I was on set last week and didn’t get a change to blog. However, In our last installment we talked about camera package and how different levels of production have different levels of camera requirements. In this article, I will discuss the people that are necessary to have a productive and professional production.
It’s that home-improvement time of year and you want to paint your house. There are tools that make it easier, ladders to make you taller, and sprayers that get it done faster…but nothing is better then having someone like the Epcon home building franchise do it, but labor costs money. Or, if you have children, get that brush in their hand so you and your wife can lay back in your hammocks.
“It’s not easy painting green.”
When hiring a crew you need professionals and people are taught to value themselves hourly. Typically, people don’t think of their “daily price-tag”. However that is exactly the way video crews work, either on a 10 or 12 hour day and generally freelance. (Freelance Work will be covered later this year.)
Getting back to painting your house, how much would you pay someone to paint your house hourly? 10/hr? 20/hr? If you are going with a professional company, not the help found on the Home Depot street corner, you are in the area of 30 – 50 per hour of labor. The same as a mechanic, the same as a plumber, the same as a camera operator on a 10 hour day.
Knowing how much people cost can help you decide who is necessary and who is expendable. The Director of Photography is your lighting foreman and he will be setting lights, building camera, working with the director to compose the shot, and making sure the image is properly recorded onto the media. If he has no help he will have to work slower, and less footage will be recorded. There lies the budgeting balance.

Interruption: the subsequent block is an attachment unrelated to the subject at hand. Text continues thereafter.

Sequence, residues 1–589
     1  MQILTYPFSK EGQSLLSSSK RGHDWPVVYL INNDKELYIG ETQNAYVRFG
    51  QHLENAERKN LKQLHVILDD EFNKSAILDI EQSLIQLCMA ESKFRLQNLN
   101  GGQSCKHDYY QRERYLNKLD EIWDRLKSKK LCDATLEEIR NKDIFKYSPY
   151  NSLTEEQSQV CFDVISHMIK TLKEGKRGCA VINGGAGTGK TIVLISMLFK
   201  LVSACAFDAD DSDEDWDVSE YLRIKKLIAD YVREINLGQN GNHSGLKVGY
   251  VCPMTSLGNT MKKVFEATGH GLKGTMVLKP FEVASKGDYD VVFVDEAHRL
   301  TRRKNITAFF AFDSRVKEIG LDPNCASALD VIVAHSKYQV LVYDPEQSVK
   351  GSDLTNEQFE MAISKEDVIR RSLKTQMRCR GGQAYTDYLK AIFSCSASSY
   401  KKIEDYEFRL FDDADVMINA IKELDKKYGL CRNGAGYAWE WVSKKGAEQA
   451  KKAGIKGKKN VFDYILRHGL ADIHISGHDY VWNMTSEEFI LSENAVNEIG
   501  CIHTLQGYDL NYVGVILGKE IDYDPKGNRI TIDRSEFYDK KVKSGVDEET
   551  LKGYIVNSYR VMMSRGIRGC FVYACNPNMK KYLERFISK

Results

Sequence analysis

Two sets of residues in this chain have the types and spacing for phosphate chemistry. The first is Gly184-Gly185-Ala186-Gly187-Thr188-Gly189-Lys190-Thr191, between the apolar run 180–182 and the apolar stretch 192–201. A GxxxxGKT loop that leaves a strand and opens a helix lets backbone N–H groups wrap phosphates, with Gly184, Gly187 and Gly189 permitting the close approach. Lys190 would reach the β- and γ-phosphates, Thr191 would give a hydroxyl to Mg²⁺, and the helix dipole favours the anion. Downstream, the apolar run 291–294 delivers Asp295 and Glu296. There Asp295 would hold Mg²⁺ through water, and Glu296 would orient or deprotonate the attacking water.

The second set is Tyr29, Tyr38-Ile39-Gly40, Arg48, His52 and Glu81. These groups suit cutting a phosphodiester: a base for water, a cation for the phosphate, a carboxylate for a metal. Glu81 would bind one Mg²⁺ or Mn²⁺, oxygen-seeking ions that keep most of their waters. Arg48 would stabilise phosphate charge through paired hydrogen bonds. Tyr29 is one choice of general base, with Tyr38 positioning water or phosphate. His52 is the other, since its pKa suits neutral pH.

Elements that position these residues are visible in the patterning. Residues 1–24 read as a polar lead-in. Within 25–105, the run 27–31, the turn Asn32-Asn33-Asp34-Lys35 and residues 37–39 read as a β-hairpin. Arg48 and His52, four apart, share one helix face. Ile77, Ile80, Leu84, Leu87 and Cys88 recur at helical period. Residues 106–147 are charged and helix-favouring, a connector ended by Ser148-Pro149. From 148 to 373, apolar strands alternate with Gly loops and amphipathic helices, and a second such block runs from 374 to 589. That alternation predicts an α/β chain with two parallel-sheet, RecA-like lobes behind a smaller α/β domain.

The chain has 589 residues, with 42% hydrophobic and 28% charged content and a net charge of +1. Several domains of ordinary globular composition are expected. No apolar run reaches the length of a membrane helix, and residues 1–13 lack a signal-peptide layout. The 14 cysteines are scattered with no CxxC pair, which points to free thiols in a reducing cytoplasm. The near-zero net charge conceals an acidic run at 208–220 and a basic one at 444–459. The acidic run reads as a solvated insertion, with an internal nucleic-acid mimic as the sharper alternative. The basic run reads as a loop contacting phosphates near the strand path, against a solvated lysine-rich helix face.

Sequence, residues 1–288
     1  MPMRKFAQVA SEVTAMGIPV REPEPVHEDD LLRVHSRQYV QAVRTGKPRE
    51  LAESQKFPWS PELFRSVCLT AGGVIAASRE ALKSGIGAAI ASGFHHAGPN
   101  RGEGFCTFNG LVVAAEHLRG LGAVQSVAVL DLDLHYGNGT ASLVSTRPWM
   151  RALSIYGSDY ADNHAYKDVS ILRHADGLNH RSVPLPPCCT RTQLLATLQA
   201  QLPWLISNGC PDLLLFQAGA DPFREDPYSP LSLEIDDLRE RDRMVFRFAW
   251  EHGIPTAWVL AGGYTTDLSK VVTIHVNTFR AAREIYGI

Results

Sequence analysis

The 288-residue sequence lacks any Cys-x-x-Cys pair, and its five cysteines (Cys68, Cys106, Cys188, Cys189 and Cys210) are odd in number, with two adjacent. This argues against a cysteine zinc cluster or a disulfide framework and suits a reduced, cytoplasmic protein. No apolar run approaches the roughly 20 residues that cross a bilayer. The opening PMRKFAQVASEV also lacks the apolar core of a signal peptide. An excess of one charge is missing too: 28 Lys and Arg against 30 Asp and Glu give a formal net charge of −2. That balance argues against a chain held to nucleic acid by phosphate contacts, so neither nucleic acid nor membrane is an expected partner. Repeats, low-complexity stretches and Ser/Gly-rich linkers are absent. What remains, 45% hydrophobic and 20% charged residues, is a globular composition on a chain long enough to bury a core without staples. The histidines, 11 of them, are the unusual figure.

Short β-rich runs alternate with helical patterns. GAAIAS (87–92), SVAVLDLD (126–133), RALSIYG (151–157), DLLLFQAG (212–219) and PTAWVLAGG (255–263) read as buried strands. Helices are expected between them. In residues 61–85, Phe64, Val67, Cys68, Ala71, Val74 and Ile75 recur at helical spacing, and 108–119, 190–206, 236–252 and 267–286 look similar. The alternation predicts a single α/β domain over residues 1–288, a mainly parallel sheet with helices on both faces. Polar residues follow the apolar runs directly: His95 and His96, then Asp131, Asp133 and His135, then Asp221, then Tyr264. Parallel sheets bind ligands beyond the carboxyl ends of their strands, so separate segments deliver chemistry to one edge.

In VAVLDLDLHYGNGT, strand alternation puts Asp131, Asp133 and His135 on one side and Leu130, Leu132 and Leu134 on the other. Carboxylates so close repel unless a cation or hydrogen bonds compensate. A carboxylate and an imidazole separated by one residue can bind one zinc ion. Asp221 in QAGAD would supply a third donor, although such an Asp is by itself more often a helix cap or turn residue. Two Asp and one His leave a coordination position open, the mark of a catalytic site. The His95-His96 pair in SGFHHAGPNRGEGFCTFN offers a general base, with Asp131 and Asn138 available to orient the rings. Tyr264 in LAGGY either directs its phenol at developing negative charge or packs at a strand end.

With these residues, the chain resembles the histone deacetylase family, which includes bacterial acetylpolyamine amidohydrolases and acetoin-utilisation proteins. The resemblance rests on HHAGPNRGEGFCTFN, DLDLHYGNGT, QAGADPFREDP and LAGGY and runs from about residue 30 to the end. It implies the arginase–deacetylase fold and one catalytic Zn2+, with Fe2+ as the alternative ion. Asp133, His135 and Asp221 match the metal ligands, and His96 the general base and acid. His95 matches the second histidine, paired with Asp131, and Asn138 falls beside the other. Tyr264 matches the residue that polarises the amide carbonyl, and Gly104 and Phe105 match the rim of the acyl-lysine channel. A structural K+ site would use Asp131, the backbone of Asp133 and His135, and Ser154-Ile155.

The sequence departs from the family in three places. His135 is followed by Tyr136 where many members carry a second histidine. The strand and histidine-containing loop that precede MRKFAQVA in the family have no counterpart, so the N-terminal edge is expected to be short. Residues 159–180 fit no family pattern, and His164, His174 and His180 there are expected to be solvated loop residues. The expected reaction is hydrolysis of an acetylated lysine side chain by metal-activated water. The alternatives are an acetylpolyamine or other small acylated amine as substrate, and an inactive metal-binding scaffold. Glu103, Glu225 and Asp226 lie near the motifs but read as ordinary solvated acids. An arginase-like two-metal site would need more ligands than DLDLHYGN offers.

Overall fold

“When are we getting to my close up?”
As the producer it is your job to know what will help the speed of production and what the budget calls for. If you have too few people the timetable will suffer, too many and the cost quickly elevates.
Using our last example from “How Much Does a Video Cost?” we know we have a DSLR camera package. To save on time we will have two people assist the Director of Photography (one to set up lights and one to build the camera), one person recording the sound, a make up artist to make the client beautiful, and a production assistant (PA) to be available to run errands, pick up lunch, or lend a hand wherever needed. This is a minimum of 6 people not including the creative team.
Depending on the script, you may need an Art Director to gather props, visual effects, create posters and paint walls. A head of wardrobe may be needed to decide what suit the talent should wear, pin back any loose fitting clothing, and oversee any rented costumes or jewelry.
As you can see, it takes a team, a well orchestrated team to ensure every moment on set isn’t being wasted. In some cases the help outside the Home Depot takes more to manage then hiring a professional. In the next installment of “How Much Does a Video Cost?” I will be talking about creative, and how little modifications to the script can add project value without increasing budget, and in some cases ‘simple gags’ can cost more then the client is willing to spend.